3. The material to be burned shall not include combustible containers for pesticides or other chemicals.
  4. The material to be burned shall be reasonably free of dirt, soil and visible surface moisture.

  5. Except for wildland vegetation management burning, all unwanted trees over six inches in diameter shall be felled. Stumps shall be uprooted and reasonably free of soil.

  6. Except for wildland vegetation management burning, the material to be burned shall be allowed to become sufficiently dry to allow for maximum combustion efficiency.

    The following are minimum drying times:

Material Drying Time
Trees or branches exceeding three inches in diameter 4 weeks
Prunings and small branches three inches or less in diameter 2 weeks
Field crop wastes 1 week
Other Adequate dryness (to be evaluated by inspection)

  1. For range improvement burning, the material to be burned shall be brush treated at least six months prior to the burn if economically and technically feasible.

  2. Except for wildland vegetation management burning, the material to be burned shall be stacked or arranged to allow for maximum air circulation, to facilitate combustion and to minimize the amount of smoke emitted during combustion.

  3. For wildland vegetation management burning, the vegetation to be burned shall be in a condition which will facilitate combustion and minimize the amount of smoke emitted during combustion.

  4. The materials to be burned shall be ignited only by those devices approved by the Air Pollution Control District. Tires, tar paper, plastics, oils and other similar materials shall not be used for ignition purposes.

  5. Except for wildland vegetation management burning, the material to be burned shall be ignited as rapidly as practicable within applicable fire control restrictions.

  6. Except for wildland vegetation management burning, the burning for any specific day shall be restricted to the morning, to the afternoon or to the morning and afternoon, as allowed by the Air Pollution Control District. Any morning burn shall begin no earlier than 7 a.m., and no additional material shall be ignited or added to the open fire after noon. Any afternoon burn shall begin no earlier than noon, and no additional material shall be ignited or added to the open fire after 4 p.m.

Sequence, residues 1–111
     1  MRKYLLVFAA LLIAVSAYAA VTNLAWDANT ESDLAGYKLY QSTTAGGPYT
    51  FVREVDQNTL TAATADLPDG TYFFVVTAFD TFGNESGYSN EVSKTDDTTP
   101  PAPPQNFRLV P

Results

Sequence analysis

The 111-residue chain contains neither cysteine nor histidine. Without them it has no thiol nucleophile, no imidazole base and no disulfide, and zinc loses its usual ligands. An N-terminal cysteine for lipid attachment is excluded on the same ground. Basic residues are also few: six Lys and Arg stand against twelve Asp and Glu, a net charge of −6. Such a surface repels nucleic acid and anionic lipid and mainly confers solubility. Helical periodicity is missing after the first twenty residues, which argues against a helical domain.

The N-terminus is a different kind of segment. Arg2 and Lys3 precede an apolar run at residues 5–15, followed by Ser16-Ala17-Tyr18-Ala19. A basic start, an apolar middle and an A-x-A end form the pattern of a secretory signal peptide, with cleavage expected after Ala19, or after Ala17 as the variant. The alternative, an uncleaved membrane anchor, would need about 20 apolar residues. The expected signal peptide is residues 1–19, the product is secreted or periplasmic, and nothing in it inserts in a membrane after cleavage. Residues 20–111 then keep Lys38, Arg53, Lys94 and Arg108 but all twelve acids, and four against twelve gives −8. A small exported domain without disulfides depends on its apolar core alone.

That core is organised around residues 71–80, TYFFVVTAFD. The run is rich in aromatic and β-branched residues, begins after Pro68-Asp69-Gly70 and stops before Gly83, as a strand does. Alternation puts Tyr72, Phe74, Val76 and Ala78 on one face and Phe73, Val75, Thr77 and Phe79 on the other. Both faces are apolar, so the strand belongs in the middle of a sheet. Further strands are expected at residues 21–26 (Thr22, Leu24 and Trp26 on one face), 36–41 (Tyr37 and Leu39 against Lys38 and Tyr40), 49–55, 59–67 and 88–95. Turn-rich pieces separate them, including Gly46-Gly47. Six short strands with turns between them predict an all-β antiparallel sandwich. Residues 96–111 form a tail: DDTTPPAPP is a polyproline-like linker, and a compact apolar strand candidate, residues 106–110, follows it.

For wildland vegetation management burning, burning at night shall be minimized whenever practicable.

  7. For wildland vegetation management burning, a burn plan containing all of the following information shall be provided to the Air Pollution Control District for review and approval in advance of the proposed burning:

    a. The location and the specific objectives of the burn;

    b. The acreage or tonnage, type and arrangement of the vegetation to be burned;

    c. The distances and directions to nearby sensitive receptor areas;

    d. The fuel condition, combustion and meteorological prescription elements developed for the project;

    e. The project schedule and duration of project ignition, combustion and burndown;

    f. Specifications for monitoring and verifying critical parameters;

    g. A discussion of how the requirements of this Rule applicable to the burning will be satisfied;

    h. A discussion of what mitigation measures will be taken if unanticipated meteorological conditions cause smoke to create or contribute to an exceedance of a state or federal ambient air quality standard or cause a public nuisance; and

    i. Specifications for disseminating project information.

  8. The total amount of material to be burned each day shall be regulated according to criteria approved by the Air Pollution Control District. On a day when wildland vegetation management burning is scheduled to occur, the Air Pollution Control Officer may prohibit all other open burning conducted pursuant to Section B.2.

D. Violations

  1. The failure of a person to meet any requirements of this Rule shall constitute a violation of this Rule.

  2. The cost of putting out any open fire in violation of this Rule may be imposed on the person responsible for setting and maintaining that fire.

E. Burn Day Decisions

  1. The Air Pollution Control Officer shall declare a "Burn Day," for specific areas of the District, if all of the following conditions are met:

    a. The State Air Resources Board declares a permissive burn day for the South Central Coast Air Basin;